June 28 - Fusion took a giant step closer to becoming a commercial reality today, as France was selected to host a $13 billion experimental nuclear fusion project that scientists hope will eventually produce a clean, safe and endless energy resource and help phase out polluting fossil fuels. An experimental device called the "International Thermonuclear Experimental Reactor (ITER)" will be built in France. ITER is hopefully the step that will bridge the gap between today’s studies of plasma physics and tomorrow's electricity-producing fusion power plants. The goal of the project is to demonstrate methods of extracting the power of nuclear fusion. Fusion is the same process that goes on in the center of the sun in which energy is produced when the hydrogen isotopes deuterium and tritium are fused together to form helium, while releasing huge quantities of heat.
The ITER Tokamak, a magnetic containment device, would be the first fusion device to produce thermal energy at levels equivalent to conventional electricity power plants, and would demonstrate the technology necessary for the first prototype commercial fusion power plant. It is based around a hydrogen plasma torus operating at over 100 million °C, and will produce 500 MW of fusion power. It would work by heating isotopes of hydrogen to hundreds of millions of degrees, creating a plasma of charged particles.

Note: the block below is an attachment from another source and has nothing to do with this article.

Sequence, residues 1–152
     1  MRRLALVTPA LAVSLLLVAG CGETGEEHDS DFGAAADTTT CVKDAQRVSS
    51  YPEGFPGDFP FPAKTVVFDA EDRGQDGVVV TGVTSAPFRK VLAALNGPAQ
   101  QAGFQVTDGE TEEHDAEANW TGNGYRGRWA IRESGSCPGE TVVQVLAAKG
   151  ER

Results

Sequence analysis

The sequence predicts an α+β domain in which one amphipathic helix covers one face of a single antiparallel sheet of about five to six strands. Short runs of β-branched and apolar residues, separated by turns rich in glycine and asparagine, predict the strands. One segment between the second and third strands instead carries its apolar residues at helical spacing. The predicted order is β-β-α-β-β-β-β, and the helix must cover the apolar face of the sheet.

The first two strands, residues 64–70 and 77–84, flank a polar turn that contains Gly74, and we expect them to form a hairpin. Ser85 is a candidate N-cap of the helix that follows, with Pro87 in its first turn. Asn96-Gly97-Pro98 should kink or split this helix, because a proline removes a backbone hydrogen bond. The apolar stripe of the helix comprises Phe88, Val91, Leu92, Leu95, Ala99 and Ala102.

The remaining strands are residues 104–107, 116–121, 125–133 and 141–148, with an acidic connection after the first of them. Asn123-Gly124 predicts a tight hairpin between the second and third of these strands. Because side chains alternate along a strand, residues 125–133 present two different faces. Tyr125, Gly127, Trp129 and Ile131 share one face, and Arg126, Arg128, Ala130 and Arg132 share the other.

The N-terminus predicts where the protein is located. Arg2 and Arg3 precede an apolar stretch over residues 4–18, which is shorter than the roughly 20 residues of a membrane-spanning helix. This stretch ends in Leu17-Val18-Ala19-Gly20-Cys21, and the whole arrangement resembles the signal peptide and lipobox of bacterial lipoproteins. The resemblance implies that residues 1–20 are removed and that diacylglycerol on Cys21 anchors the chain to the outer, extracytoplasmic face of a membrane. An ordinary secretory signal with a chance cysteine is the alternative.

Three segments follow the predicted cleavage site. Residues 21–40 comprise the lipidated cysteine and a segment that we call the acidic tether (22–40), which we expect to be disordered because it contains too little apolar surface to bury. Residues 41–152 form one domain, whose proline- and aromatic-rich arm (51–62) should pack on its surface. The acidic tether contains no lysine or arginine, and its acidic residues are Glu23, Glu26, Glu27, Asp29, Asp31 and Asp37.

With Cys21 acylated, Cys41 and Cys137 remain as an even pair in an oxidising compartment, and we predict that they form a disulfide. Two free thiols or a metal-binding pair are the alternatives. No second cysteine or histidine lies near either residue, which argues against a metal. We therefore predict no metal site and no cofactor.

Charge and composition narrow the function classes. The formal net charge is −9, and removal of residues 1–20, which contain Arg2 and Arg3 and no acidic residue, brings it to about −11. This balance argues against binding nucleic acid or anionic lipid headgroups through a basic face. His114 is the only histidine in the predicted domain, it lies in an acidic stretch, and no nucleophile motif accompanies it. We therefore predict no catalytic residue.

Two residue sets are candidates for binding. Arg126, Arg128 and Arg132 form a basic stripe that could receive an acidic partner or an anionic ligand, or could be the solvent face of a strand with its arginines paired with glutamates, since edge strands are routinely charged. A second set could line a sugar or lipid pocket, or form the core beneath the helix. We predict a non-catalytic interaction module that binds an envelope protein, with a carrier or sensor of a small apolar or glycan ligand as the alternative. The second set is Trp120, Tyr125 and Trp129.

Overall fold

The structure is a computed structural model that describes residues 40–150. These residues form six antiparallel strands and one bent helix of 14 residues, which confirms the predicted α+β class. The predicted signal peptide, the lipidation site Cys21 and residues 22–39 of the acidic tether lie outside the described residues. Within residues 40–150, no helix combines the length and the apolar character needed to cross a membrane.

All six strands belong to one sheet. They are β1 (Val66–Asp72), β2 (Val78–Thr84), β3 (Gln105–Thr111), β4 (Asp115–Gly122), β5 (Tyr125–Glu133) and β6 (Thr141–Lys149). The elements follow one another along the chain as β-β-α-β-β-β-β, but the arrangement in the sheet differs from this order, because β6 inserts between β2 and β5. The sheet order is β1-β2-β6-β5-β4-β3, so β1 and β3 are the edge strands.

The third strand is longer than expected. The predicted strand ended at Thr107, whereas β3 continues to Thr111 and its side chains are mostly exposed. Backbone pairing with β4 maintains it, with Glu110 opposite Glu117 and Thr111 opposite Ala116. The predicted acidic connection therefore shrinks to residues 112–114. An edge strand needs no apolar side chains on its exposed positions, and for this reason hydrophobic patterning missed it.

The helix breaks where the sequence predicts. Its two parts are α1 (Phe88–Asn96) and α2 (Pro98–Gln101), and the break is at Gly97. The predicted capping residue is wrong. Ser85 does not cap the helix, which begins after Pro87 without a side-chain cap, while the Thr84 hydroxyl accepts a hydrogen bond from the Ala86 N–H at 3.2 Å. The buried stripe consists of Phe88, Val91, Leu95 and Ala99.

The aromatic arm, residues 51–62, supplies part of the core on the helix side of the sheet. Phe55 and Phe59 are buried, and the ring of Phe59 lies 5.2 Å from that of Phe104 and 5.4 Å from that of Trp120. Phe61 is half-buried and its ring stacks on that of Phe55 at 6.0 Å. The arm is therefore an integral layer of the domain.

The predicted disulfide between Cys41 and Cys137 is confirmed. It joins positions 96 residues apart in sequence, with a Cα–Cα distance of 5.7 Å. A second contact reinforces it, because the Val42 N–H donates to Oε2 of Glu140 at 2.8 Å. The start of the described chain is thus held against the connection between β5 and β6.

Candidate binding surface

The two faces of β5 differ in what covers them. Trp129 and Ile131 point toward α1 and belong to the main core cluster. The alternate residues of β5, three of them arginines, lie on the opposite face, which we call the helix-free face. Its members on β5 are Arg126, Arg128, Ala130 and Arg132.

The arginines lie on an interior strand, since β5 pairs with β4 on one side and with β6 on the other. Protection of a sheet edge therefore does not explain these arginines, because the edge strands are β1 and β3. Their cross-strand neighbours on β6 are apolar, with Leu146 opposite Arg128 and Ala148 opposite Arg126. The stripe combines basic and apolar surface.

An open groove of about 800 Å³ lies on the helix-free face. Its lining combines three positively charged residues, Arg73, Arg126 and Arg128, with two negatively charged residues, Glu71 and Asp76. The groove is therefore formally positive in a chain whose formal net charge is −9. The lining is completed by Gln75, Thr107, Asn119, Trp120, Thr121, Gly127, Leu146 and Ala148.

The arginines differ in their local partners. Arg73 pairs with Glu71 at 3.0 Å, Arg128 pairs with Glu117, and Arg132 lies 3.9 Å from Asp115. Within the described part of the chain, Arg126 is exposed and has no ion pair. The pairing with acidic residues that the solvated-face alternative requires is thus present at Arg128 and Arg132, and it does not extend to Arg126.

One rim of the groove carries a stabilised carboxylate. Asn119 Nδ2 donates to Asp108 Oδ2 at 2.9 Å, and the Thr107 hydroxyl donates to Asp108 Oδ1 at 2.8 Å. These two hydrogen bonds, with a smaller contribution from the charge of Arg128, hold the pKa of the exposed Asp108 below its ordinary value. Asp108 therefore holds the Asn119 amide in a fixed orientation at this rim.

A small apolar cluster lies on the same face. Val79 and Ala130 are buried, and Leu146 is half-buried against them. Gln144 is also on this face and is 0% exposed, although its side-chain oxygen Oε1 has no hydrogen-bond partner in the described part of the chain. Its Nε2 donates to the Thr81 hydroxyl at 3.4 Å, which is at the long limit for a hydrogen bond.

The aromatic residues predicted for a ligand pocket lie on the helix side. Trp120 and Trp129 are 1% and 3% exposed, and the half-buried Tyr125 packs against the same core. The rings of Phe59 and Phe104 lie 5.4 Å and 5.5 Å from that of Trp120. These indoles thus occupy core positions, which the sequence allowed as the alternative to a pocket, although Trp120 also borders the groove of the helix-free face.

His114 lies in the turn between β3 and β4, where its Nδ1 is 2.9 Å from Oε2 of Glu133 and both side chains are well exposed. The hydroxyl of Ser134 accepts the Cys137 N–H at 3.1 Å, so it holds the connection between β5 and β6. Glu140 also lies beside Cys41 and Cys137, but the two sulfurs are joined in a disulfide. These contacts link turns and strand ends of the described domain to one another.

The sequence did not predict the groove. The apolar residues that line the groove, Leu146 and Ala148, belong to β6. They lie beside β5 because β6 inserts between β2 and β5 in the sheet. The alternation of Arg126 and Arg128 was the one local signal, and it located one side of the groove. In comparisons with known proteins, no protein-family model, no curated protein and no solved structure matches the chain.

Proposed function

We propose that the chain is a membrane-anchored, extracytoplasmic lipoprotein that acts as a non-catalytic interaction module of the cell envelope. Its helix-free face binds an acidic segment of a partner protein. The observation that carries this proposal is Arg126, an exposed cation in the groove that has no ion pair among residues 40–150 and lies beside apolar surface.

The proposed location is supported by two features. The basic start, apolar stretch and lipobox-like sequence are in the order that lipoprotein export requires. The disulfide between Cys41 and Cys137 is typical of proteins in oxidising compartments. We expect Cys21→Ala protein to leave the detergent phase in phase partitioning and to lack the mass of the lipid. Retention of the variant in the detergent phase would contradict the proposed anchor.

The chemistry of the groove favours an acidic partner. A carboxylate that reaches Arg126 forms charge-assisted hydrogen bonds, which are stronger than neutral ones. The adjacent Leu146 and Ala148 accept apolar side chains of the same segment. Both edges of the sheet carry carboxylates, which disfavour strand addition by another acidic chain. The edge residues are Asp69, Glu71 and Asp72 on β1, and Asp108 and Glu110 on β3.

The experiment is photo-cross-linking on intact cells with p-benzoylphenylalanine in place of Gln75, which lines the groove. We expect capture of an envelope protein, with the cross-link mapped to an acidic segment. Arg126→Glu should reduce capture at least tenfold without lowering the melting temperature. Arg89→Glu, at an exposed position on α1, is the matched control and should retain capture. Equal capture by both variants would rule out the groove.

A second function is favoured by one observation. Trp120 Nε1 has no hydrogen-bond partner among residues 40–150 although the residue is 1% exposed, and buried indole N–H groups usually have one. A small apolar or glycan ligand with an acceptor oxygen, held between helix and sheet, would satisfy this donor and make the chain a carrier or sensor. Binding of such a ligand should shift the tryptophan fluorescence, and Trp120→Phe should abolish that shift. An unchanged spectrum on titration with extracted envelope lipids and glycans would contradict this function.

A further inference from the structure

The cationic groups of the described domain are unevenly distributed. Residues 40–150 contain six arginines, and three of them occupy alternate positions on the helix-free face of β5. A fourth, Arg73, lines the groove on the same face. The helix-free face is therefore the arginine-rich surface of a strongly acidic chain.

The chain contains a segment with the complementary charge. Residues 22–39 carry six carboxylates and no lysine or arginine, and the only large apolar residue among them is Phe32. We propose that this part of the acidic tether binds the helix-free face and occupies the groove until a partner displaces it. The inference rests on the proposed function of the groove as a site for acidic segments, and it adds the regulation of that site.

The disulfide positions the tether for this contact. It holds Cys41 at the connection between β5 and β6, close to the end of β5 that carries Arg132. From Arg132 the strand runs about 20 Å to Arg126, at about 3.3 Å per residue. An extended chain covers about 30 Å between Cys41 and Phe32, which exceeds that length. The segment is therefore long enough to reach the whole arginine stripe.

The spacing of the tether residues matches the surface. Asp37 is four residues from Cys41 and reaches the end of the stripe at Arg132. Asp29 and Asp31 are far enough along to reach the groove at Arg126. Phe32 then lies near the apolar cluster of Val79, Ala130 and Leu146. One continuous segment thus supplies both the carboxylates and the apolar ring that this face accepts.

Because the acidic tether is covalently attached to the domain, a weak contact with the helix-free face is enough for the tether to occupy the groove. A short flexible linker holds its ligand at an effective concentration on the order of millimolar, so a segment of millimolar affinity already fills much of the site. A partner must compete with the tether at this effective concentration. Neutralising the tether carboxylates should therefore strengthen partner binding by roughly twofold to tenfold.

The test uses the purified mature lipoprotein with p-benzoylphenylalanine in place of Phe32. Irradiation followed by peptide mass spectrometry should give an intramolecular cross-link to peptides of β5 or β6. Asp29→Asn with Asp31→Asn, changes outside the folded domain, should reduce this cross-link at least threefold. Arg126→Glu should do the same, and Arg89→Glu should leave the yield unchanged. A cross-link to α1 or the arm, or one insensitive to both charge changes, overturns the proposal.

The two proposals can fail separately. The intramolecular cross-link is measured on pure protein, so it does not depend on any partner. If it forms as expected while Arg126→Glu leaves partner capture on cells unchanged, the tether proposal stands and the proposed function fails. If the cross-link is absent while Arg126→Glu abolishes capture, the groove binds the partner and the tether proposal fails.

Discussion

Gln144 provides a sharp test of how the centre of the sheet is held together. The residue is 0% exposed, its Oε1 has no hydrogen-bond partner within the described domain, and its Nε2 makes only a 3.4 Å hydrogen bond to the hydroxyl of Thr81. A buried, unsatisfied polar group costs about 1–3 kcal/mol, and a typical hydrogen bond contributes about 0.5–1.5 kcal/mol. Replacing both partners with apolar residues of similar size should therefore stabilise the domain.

The particles would be confined by magnetic fields in the doughnut-shaped Tokamak. There they would collide and fuse, producing high-energy helium nuclei and neutrons. The uncharged neutrons would escape the Tokamak, creating heat that could be used to generate electricity. But the positively charged helium nuclei would be trapped by the magnetic fields and would help sustain further fusion reactions.
It is an international project involving The People's Republic of China, the European Union (represented by Euratom), Japan, the Republic of Korea, the Russian Federation, and the United States of America, under the auspices of the IAEA.
Design of the device has been ongoing for years, with prototypes of several components having been built and tested. The first bids for construction are expected to be awarded next year and the first plasma operation is expected in 2016. If plans progress as expected, officials hope to build a demonstration power plant in Japan around 2040. Officials project that 10-20 percent of the world's energy could come from fusion by the century's end, said Raymond L. Orbach, the U.S. Department of Energy's office of science director.
The project is quite controversial to some, but the expense is easily justified by the vast benefits that could result from the project. Almost inexhaustible amounts of inexpensive energy with little environmental impact are claimed by the proponents. Although we have very serious short term energy problems that must be addressed, long term solutions must also be addressed, lest we face another energy shortage in the last half of this century.
Reuters/CNN, June 30,2005, Is fusion the best way forward?
NewScientist, June 28,2005, Biggest nuclear fusion project goes to France
ITER Fusion Research Collaborative, Official site of the ITER Organization
The International Fusion Project (ITER) US State Department site
DOE website on ITER